3)Rajon Rondo- He's an NBA champion,and he almost won another in 2010. Rondo is the best passing point guard in the league,and he just might be the best  scoring around the basket. Rondo's downfall is his shooting,and his free throw shooting. He's showed some improvements,but for him to become the best he needs to learn to shoot better. Rondo unlike the other two point guards needs to handle three future hall of famers. Rondo will get his chance to stand alone,or hopefully the Celtics can add some big free agents next year after the Big 3 retire in the next couple of seasons.




Who's the best point guard in the league?


ESPN LINK CLICK HERE


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1 Comment

Reply paul
8:26 AM on July 26, 2011 
Comparing point guards now to centers in the nineties is a good way to answer this question. Funny too how the championship usually ends up being decided by other players. It was that way with the centers too, in the eighties and nineties apart from Olajuwon's to championships, until Shaq and Duncan started winning everything.

When comparing players, I think we need to understand that writing about and debating players merits inherently creates a prejudice against those players who don't have all around games that are as strong. This comes up everytime the all-time great centers are discussed. Russell can't be left out of that discussion, but no one wants to ever put him at number one, because he wasn't that big, and he wasn't a great scorer. He just has such gaps in his resume. But really, who would you pick for center of your all time team?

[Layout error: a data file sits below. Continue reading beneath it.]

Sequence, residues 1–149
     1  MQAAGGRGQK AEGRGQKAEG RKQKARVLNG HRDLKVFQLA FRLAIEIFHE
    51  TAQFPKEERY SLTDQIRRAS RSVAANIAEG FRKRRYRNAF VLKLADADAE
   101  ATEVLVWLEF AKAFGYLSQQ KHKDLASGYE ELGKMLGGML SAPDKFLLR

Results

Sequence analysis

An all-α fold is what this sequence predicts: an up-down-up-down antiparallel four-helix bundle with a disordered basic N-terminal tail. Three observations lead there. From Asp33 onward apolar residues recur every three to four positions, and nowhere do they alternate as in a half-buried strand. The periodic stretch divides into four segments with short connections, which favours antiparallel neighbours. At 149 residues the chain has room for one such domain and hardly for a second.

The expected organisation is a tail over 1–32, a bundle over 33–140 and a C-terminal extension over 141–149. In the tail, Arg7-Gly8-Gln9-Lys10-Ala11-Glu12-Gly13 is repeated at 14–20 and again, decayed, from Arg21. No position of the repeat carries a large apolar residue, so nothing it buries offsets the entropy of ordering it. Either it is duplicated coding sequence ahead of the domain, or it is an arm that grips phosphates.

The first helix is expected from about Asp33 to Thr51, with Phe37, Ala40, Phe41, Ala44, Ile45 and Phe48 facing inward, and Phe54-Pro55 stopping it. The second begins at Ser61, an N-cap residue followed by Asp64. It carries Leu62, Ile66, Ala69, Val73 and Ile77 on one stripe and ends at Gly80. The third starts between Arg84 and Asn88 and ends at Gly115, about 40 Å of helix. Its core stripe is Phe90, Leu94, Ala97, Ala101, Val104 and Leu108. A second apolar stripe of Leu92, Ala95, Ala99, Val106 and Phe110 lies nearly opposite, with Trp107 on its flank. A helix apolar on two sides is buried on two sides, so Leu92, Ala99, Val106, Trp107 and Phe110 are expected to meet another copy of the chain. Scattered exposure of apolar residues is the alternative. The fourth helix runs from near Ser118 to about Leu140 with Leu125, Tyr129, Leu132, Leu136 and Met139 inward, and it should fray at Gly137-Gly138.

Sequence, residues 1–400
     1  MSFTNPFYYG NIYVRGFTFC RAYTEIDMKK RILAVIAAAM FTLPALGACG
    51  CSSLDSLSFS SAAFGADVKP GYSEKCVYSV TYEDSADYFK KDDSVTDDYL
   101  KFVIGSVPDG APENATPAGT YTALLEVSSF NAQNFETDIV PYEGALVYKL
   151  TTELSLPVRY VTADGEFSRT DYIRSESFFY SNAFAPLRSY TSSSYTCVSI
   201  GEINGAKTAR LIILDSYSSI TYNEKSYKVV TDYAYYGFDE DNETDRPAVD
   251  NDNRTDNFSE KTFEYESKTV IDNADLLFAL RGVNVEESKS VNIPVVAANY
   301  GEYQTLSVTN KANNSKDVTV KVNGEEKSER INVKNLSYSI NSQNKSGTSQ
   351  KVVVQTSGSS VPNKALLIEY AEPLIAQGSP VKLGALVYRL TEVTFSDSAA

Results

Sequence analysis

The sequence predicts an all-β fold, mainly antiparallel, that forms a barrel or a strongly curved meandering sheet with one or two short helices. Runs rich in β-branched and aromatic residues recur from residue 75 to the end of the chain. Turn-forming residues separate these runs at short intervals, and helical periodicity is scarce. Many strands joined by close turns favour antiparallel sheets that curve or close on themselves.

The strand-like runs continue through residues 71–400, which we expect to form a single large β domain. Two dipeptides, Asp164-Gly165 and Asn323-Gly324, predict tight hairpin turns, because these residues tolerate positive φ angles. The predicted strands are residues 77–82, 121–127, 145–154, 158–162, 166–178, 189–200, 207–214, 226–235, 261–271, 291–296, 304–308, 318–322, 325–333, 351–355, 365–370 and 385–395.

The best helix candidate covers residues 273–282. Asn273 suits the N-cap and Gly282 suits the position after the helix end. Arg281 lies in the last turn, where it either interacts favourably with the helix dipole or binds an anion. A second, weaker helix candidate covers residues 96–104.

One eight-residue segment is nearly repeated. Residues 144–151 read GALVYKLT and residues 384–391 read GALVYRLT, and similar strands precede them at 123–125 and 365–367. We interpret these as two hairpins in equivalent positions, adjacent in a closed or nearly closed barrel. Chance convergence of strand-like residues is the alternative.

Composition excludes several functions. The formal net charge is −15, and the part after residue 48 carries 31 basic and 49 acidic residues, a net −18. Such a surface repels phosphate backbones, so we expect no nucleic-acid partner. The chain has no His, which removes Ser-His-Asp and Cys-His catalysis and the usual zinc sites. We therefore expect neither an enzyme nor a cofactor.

It's like discussing beautiful women. Did Marilyn have the best face? No, she had a fairly ordinary face. Best legs? No. She had nice legs. Best boobs? Ok, well, she was pretty outstanding in that department. But really, she was kinda short, kinda fat, and kinda ordinary looking. But what other female sex symbol do you call by their first name, and everyone in the world knows exactly who you mean? Who even comes close to her as all time great sex symbol?

Greatness isn't an additive process. It's a transformational process. It's something Rajon Rondo has. We have yet to see what his post-Big Three career will look like, of course, but for right now, I find this question, of who is the best point guard in the game today, surprisingly easy. Rondo's biggest weakness isn't even his shooting; it's the way his mind drifts in and out of focus. But he has vision. No one in the game has vision like he does. I don't just mean the ability to see what is happening on the court. I mean the ability to see ahead, to see around the corner and, more than that, to see the game inside the game.

I wouldn't trade him for anyone. He may never become the player of legend that one senses he could be, but I'll take that chance. What he has is what sports is all about. It's that extra dimension. You don't trade that. You feed it all the resources you can. He's a reason to be excited about Celtics basketball.